Samsung and Xiaomi capitalize on Huawei’s woes to increase smartphone market share in Europe

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The European smartphone market is incredibly fast-moving — brand loyalty isn’t high, especially with users of lower-end devices. When you compare this year’s second financial quarter with the same period from last year, you can see how quickly things change. Samsung and Xiaomi are clear winners in Q2 2019 with 20% and 48% annual growth respectively, while Apple, Huawei, and HMD Global (Nokia) market shares shrank by at least 16%.

Samsung accounted for about 40% of the market with 18.3 million shipments, up from just 34% in 2018. Even though the company struggled internationally last quarter, its European business continues to build on its strong foundation. Analyst firm Canalys sees the company’s revamped mid-range device lineup as a leading cause of the Korean company’s surge:

It has brought a blitz of competitive new devices to market, focusing on its A series, which accounted for over 12 million units. Its top four models in this range, the Galaxy A10, A20e, A40, and A50, together shipped more units than any other vendor in Europe managed with their entire range of smartphones.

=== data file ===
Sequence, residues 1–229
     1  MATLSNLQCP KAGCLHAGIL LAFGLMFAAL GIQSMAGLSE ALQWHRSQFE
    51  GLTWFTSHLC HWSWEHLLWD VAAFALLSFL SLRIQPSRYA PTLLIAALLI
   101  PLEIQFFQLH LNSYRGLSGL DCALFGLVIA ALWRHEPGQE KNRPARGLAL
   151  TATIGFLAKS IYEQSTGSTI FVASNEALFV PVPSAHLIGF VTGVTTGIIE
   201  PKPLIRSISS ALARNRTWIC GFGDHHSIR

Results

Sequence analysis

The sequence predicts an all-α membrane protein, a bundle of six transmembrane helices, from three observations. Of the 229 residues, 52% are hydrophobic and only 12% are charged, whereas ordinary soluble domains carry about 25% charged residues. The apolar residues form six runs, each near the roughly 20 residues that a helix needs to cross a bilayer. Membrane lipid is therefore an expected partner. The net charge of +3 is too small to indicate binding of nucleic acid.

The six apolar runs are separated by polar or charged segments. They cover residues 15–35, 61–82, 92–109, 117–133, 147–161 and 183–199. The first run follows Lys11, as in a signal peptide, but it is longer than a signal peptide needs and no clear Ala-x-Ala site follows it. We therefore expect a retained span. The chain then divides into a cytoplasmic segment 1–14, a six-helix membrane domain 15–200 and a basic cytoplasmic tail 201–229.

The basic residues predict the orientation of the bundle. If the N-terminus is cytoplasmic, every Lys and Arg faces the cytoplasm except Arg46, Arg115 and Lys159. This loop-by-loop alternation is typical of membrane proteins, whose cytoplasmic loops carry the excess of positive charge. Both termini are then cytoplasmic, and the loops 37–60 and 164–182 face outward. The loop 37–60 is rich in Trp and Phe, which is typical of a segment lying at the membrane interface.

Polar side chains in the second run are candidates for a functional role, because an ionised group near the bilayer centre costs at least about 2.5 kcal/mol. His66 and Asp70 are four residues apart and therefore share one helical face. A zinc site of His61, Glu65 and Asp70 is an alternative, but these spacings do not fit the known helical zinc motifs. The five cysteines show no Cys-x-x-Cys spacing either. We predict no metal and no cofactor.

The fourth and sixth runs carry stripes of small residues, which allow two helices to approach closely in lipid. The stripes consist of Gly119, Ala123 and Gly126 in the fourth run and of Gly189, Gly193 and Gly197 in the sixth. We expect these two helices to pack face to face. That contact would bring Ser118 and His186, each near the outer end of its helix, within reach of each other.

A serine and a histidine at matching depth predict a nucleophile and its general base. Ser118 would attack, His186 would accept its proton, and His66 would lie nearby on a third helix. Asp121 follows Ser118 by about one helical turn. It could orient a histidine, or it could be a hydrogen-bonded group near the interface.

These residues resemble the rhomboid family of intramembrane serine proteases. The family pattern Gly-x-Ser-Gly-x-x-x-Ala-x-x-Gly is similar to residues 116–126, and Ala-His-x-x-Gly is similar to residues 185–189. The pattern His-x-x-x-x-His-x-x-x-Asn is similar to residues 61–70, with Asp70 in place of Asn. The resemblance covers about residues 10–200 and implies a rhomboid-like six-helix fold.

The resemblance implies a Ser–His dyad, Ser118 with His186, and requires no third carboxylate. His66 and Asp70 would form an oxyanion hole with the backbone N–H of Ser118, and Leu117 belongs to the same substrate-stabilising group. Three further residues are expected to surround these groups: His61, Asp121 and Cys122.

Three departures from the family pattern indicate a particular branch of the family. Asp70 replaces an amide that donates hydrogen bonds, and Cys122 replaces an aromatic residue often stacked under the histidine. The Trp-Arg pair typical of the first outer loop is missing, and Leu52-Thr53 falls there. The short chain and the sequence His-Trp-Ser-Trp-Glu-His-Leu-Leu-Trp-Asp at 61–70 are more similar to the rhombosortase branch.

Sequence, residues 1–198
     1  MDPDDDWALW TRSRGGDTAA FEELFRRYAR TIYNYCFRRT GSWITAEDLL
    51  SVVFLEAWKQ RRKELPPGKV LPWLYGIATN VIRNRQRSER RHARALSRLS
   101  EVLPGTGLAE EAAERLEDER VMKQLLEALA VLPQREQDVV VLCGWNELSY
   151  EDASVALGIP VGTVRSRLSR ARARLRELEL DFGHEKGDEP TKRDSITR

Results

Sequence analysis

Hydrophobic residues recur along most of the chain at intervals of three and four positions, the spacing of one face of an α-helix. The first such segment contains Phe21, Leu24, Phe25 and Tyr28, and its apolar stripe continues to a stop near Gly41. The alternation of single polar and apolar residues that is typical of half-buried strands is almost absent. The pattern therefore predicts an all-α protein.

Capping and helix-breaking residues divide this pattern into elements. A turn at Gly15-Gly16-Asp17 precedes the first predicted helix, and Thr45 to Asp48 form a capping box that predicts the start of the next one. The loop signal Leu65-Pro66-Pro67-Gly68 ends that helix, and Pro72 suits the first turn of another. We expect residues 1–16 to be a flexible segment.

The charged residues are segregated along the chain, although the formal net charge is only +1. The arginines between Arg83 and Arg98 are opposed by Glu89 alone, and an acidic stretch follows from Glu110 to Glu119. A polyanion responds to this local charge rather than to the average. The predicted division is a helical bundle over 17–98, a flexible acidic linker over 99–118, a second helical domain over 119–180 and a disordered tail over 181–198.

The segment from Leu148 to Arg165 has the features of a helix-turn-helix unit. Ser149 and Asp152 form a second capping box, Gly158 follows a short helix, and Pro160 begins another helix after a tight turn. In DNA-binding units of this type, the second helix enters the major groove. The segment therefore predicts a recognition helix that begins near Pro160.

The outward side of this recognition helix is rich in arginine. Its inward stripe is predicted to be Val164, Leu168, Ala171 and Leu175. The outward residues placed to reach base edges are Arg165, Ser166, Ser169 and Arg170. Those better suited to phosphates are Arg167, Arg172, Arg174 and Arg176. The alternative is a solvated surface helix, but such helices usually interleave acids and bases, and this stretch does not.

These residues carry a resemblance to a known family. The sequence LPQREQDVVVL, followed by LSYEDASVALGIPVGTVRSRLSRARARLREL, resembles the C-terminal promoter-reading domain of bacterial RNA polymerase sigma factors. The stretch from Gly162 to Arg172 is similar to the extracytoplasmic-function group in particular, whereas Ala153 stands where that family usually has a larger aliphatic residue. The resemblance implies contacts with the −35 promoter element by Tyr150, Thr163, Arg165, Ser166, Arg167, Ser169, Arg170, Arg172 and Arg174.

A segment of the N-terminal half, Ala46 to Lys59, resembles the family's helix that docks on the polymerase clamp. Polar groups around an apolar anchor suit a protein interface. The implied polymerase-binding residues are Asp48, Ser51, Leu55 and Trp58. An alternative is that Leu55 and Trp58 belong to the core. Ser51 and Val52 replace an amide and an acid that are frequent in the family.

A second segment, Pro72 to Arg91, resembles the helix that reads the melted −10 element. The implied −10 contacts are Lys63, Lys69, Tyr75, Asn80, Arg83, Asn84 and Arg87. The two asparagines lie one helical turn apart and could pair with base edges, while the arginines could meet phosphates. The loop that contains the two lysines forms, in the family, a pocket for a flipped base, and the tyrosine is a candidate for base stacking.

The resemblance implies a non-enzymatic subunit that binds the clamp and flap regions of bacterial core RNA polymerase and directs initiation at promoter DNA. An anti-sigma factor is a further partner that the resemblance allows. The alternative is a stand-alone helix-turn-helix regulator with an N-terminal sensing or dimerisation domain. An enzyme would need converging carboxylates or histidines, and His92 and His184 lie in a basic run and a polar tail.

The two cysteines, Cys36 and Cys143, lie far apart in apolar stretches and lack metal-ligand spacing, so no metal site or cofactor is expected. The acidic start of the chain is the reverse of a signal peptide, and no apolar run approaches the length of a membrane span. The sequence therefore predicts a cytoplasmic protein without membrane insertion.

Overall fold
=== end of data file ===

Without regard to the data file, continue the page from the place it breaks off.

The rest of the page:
Huawei’s US trade ban troubles are deemed another reason for Samsung’s strong return: “Samsung has been quick to capitalize on Huawei’s US Entity List problems, working behind the scenes to position itself as a stable alternative in conversations with important retailers and operators.”

With Huawei losing ground, it’s left room for another Chinese company to make big gains in the European market. Xiaomi’s 48% rise in shipments takes it to a market share of 10%, which is mainly attributed to carriers and retailers trying to keep Samsung in check, as Canalys Analyst Mo Jia says: “Distributors, retailers, and mobile operators are actively seeking alternative brands to fill the gap and reduce their dependence on Samsung.”

HMD Global – which only started selling Nokia-branded phones in 2017 – saw its market share shrink to a mere 3% last quarter. The company’s confusing naming scheme, plethora of almost indistinguishable devices, and lack of a compelling flagship are preventing HMD from selling as many phones as it might hope to.

Even though Apple’s market share has fallen by around 3%, its most reasonably priced recent phone still remains in the top five Q2 bestsellers — the iPhone XR is in fifth spot behind three Galaxy phones (A50, A40, A20e) and Xiaomi’s Redmi Note 7.

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